Wednesday, July 15, 2009

Shooting the Messenger

On a day when the Loonies of the Right (David Bernstein, Mark Regev, AIPAC) went after Human Rights Watch (for good rebuttals, see here and here and here), some of the same Loonies and others (like the NGOMonitor) went after Breaking the Silence for releasing the Soldier Testimonies from Gaza.

What were some of the criticisms? That the testimonies were not representative, that they were made anonymously, that some of the accusations were based on hearsay, and, finally, that if BtS had wanted to stop the practices, then it would have simply given the names, rank and serial numbers of each interviewee (including the ones who broke IDF policy by talking to BtS), to the IDF. And the most moral army in the world would have investigated each story.

All the above misses the point. BtS did not issue a human rights report. It issued a collection of testimonies. Are they representative? How the hell does anybody know? BtS certainly did not make that claim in the booklet. Did the interviewees include hearsay evidence? Of course, they did; they spoke honestly about what they knew, what they didn't knew, and what they heard. Clearly any intelligent reader will treat each claim with the respect and skepticism it deserves.

What the IDF apologists are doing is deliberately looking through the booklet and saying, "Ha! This is something that was not directly witnessed." They carefully omit anything that doesn't serve their cause.

That is the difference between them and BtS. I read the interviews, and the thing that struck me the most was – these were real soldiers talking about their experiences. Some of them defend what they did, and some of what they did was defensible. It's all in the booklet.

One of the testimonies, as I reported here yesterday, was about the use of white phosphorus. Remember, the IDF initially denied all use of white phosphorus. Then it retreated, when clear evidence was provided, to making two claims: a) all white phosphorus use was legal; b) any use that may not have been legal would be investigated.

Now, here is one testimony that nobody claims is "representative." We are not talking about defecating in the living room of Gazan houses. All you need is one soldier witnessing one use of white phosphorus in a inhabited area, and you have prima facie evidence of a serious war crime.

And this brings me to my final point. The little big brouhaha in Israel (actually, the big big brouhaha today was the haredim demonstrating in Jerusalem) was over BtS's going to the goyim outside Israel with its reports. If the ex-soldiers who head BtS were really interested in reforming the IDF, they would have gone to the IDF. Hence, all that interested them was blackening IDF's name.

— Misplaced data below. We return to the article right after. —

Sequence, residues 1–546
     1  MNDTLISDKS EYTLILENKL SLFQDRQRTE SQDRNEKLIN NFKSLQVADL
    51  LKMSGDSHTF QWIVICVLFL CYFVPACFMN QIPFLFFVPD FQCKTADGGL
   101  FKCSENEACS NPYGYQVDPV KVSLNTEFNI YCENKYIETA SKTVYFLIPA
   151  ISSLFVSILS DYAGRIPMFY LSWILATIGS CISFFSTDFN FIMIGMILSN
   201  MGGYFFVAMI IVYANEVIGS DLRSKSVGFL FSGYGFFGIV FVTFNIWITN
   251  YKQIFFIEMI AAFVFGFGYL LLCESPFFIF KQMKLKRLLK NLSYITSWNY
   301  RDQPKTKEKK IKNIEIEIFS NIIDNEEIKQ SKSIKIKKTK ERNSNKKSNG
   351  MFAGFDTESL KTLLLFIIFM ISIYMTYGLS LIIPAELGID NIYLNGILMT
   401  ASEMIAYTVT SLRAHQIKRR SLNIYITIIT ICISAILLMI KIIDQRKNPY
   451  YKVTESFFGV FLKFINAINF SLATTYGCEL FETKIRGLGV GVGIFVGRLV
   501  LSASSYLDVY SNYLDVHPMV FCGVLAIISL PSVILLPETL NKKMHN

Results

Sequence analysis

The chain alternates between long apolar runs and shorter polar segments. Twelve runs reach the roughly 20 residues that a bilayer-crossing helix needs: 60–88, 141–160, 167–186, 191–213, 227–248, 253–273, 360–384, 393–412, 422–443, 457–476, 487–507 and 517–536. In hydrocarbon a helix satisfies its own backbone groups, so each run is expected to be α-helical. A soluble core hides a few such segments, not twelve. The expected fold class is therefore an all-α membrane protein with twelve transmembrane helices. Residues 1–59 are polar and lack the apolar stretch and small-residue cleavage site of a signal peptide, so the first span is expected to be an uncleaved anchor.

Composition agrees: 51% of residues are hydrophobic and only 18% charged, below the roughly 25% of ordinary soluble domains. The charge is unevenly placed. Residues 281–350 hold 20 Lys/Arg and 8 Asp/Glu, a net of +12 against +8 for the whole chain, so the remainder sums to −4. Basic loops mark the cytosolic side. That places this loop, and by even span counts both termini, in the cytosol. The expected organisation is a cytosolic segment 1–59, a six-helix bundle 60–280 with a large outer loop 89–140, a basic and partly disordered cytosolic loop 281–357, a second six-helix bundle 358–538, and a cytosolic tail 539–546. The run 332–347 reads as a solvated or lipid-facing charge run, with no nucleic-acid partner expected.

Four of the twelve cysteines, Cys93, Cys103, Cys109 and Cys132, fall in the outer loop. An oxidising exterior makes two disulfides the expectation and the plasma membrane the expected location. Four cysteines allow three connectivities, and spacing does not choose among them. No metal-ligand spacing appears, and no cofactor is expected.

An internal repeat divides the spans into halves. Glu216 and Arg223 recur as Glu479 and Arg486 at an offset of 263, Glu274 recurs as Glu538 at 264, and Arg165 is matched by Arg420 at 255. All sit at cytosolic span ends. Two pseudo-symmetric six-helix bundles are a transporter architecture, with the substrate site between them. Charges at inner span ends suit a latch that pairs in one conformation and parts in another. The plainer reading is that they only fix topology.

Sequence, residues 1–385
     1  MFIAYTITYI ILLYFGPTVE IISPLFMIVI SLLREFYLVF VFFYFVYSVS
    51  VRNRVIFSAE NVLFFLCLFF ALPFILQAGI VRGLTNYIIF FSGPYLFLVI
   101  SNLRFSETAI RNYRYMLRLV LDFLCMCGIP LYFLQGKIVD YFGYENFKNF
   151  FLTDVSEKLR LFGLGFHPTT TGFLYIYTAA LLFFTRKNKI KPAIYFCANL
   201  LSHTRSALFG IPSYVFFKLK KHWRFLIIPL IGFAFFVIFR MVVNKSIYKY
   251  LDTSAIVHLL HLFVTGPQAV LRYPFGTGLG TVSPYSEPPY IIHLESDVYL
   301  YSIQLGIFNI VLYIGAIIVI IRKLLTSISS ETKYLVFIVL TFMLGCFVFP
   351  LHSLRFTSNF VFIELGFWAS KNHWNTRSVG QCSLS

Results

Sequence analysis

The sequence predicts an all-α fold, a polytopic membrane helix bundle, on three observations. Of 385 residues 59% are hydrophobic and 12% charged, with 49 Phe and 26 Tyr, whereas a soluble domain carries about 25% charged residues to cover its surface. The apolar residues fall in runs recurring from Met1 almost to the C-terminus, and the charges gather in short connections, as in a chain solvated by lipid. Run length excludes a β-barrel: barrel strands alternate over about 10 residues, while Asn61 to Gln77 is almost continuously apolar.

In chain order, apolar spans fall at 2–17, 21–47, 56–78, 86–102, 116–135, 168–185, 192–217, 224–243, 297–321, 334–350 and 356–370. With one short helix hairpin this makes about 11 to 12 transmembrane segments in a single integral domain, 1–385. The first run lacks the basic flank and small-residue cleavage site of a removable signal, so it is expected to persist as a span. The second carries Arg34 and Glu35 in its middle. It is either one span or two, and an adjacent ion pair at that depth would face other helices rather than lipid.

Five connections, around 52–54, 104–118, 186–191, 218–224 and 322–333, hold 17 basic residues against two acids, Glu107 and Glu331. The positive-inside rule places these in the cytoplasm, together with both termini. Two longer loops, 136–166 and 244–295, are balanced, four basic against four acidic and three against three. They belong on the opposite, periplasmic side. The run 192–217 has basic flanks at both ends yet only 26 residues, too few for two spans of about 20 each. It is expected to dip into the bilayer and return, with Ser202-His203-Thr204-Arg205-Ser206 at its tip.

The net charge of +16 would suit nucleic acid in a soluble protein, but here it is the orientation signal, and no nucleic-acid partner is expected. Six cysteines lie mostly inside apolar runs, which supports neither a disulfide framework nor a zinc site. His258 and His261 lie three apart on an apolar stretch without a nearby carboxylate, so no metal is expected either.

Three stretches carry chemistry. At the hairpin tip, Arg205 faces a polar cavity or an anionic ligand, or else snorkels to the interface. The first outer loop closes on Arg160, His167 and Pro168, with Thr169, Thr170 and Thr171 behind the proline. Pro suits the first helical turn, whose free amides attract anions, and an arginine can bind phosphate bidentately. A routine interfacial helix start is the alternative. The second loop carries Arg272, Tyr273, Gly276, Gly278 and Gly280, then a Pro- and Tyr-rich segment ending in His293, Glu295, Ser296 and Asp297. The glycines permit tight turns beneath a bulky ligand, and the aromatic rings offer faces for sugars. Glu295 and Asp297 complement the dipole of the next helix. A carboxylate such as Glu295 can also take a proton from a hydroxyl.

Well, I am not a member of BtS, and I DO NOT SPEAK for the organization. But I do know something about its history.

BtS was founded about five years ago, during the Second Intifada. It started with a photo exhibition of IDF soldiers in Hebron. That exhibition made front page headlines. At one point, the IDF seized the pictures and said it would try the soldiers who had participated in illegal activities against the Hebronites. After the pictures were returned to the group by an embarrassed IDF, the group was invited to the Knesset to present the exhibition. They were invited to military preparatory programs to talk about their work. They were almost national heroes. And the group thought, naively, that things would change.

They didn't. The IDF's conduct only worsened.

I don't think that the IDF, under the present circumstances, can be seriously reformed. The problem is not with the IDF; it is with Israeli society that tolerates the IDF's "secrets and lies". The IDF will always find a way to make its war crimes kosher. They even have Asa Kasher as their in-house ethicist. Only when they are caught on tape do they change their story. On the other hand, I don't view the IDF folks as inherently evil. I think that they just don't get what it means for an army to act morally. As I said earlier today, if they simply dropped the "most moral army" claim, if they recognized the failings, that would be a first step. But they are in deep denial.

BtS's audience is the public and not even the entire public, but the moral public. Their real audience are the moral people, on the left and on the right, inside and outside Israel, who will begin the discussion about how to bring about change to Israeli society. That will not be easy.

Still, consider the following: the group collected more testimonies this time around than ever before. They may not have credibility with the Hasbarah types and the apologists for "the most moral army in the world."

But they clearly have credibility with a growing number of soldiers who were deeply troubled by what they witnessed and what they heard, including the IDF spokesperson's lies. (See Testimony 1). And these soldiers know that BtS will let them tell their story, in their words, and will present that story to Israel and to the world.




Mary-Lee said...

I believe the Breaking the Silence soldiers. After Vietnam, U.S. soldier said that it "felt as if someone else was doing those things."

Uri said...

On the criticism of Human Rights Watch: has anyone ever done a serious study of the large international human rights organizations, the powers, interests and ideologies they respond to? I haven't seen one, but it seems like a topic ripe for study. Certainly the accusations of bias fly every time a report is issued.

There's a good mini-study of the treatment of Israel vs. Iraq by these organizations in Norman Finkelstein's The Rise and Fall of Palestine. He finds that Iraq gets much harsher treatment, as you might expect given the Occidentalist orientation of these groups and their reliance on western funders.